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Dr. Basia Tomczyk Dr. Diane Morof CDC IAWG Annual Meeting May 31-June 1 Kuala Lumpur, Malaysia Neonatal Survival in Complex Humanitarian Emergencies: Setting.

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Presentation on theme: "Dr. Basia Tomczyk Dr. Diane Morof CDC IAWG Annual Meeting May 31-June 1 Kuala Lumpur, Malaysia Neonatal Survival in Complex Humanitarian Emergencies: Setting."— Presentation transcript:

1 Dr. Basia Tomczyk Dr. Diane Morof CDC IAWG Annual Meeting May 31-June 1 Kuala Lumpur, Malaysia Neonatal Survival in Complex Humanitarian Emergencies: Setting an Evidenced-Based Research Agenda

2 Outline Background Goal Methods Findings Limitations Conclusions

3 Background Saving Newborn Lives (SNL) developed a list of questions deemed critical to improving the evidence base of research. STC selected those that could potentially be done in a humanitarian context and that are most likely relevant to humanitarian settings. 36 questions selected.

4 Background (contd) Systematic method for setting priorities in health research investments Multiple step process Specify context Discuss and choose criteria Select questions and apply criteria to the questions Flexible process enables prioritization at any level: institutional, regional, national, international or global Used in child health and nutrition, RH research workshop, mental health and psychosocial support in humanitarian emergencies Rudan et al. Setting Priorities in Global Child Health Research Investments: Guidelines for Implementation of CHNRI Method. Croat Med J. 2008; 49:720-33.

5 Research Goal The goal was to adapt the Child Health Research and Nutrition Initiative (CHRNI) methodology to prioritize neonatal health research in the unique setting of complex humanitarian emergencies.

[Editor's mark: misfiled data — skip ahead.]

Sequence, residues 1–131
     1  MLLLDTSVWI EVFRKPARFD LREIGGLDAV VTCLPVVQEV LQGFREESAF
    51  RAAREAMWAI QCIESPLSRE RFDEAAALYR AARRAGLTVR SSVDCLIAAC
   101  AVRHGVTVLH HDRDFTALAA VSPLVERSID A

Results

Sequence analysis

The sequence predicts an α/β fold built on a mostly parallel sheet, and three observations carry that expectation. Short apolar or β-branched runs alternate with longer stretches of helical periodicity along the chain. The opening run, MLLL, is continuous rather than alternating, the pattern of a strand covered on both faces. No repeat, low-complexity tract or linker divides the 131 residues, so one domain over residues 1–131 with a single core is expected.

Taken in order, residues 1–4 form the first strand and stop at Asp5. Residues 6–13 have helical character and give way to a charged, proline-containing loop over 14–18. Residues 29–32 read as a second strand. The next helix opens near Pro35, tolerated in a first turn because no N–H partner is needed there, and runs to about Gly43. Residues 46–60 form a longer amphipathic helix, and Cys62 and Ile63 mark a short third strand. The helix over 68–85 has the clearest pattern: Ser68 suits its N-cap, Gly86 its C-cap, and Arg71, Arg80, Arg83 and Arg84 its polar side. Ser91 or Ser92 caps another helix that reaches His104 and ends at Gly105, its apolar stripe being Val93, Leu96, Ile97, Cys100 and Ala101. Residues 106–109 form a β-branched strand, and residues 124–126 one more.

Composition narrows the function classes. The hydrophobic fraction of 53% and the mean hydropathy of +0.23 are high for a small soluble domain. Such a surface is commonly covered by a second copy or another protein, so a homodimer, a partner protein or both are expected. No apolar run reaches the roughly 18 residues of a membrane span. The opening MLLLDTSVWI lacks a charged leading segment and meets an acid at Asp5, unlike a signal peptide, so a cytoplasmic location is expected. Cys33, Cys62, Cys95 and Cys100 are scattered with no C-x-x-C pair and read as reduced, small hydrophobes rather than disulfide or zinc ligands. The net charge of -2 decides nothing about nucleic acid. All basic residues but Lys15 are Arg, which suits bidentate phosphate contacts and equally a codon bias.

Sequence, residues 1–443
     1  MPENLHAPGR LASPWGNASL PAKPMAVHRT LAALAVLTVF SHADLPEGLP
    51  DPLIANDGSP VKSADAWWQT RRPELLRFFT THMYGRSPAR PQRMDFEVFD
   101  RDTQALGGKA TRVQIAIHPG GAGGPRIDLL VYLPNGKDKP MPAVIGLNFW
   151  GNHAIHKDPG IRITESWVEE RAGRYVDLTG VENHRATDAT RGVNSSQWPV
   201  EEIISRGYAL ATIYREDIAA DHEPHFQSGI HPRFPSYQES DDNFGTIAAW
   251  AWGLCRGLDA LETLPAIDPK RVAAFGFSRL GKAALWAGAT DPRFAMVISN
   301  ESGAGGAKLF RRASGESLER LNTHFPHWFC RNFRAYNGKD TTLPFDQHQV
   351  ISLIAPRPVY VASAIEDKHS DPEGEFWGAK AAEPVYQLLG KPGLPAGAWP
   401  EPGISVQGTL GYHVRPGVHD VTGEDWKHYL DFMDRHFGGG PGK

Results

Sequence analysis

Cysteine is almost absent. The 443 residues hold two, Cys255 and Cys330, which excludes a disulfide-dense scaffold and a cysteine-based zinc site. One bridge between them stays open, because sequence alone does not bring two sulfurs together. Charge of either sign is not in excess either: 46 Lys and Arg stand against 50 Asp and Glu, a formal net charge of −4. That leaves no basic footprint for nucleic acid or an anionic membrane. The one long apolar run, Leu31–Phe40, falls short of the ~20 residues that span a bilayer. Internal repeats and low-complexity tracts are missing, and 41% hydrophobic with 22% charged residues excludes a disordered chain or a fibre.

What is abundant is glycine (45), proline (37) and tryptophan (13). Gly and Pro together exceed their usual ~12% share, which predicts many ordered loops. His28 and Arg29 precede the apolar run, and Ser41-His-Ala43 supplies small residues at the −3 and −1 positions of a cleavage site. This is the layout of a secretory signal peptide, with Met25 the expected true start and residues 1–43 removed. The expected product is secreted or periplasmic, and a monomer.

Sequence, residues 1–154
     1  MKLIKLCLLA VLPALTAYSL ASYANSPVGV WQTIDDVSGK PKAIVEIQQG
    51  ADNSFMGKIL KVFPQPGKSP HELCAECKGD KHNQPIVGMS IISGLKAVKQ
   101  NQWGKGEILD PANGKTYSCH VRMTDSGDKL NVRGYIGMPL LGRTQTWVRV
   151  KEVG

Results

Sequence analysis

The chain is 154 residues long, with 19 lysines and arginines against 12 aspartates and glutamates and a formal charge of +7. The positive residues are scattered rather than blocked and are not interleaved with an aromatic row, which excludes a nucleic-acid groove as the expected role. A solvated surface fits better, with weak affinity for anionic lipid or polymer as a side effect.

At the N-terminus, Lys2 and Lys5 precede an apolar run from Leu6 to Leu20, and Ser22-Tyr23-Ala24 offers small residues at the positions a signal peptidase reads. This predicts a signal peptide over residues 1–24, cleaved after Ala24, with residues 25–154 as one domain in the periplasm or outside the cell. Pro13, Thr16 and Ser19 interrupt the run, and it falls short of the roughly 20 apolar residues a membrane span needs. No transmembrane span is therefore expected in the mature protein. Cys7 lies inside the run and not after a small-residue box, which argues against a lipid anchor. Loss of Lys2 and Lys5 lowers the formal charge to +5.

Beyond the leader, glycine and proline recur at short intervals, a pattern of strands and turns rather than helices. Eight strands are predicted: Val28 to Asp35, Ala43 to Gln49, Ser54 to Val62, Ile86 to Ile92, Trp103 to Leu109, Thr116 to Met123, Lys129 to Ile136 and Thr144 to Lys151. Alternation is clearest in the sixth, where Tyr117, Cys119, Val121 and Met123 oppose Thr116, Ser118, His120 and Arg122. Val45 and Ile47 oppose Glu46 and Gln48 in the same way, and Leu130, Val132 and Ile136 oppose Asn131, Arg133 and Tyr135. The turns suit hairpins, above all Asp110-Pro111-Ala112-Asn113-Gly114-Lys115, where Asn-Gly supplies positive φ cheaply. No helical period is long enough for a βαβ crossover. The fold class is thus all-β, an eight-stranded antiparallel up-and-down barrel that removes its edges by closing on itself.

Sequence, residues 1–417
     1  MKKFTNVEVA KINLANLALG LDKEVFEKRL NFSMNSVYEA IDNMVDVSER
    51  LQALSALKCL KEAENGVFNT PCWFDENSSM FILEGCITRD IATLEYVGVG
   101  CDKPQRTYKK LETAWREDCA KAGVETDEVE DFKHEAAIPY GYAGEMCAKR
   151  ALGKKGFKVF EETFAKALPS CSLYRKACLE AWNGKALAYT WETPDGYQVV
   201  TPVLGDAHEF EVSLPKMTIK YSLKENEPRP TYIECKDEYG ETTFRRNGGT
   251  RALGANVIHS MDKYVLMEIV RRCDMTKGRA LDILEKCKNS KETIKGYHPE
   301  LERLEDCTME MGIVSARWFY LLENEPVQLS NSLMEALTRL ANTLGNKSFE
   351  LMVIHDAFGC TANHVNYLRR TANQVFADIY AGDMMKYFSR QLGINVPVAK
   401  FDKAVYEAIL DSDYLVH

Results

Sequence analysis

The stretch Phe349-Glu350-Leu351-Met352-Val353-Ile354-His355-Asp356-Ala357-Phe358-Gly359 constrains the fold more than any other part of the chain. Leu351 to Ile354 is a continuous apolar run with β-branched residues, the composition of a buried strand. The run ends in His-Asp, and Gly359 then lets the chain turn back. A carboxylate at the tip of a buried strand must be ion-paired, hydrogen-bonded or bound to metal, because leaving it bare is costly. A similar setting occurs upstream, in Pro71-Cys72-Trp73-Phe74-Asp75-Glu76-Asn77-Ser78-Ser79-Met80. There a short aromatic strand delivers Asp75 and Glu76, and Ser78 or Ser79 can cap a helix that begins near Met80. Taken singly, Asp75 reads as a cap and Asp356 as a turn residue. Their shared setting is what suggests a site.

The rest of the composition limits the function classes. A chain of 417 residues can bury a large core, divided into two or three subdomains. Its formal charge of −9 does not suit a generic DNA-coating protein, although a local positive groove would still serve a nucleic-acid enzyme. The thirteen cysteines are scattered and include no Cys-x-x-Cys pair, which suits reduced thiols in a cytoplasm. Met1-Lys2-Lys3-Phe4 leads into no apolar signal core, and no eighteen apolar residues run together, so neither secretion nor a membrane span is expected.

6 Methods The context was complex humanitarian emergencies The time was the interval from now to year 2020 The population disease burden of interest was all mortality and disability due to neonatal causes Survey monkey

7 Criterion 1: Answerability Definition: Likelihood that research would lead to new knowledge in an ethical way Would you say the research question can be well framed and endpoints can be well defined? Would you say that local and national research capacity already exists to answer the research question in many different contexts? Do you think that a study needed to answer the proposed research question would obtain ethical approval without major concerns?

8 Criterion 2: Feasibility Definition: Likelihood that research can be conducted cost- efficiently and lead to generalizable new knowledge Would you say that well designed studies of moderate scale and sample size would have enough power to provide replicable answer to proposed research question? Would you say that ongoing programs, resources and research capacities could be amended or expanded to undertake proposed research or uptake the measurement technique cost-efficiently? Would you say that the answer to proposed research question would be generalizable across many (or most) different contexts?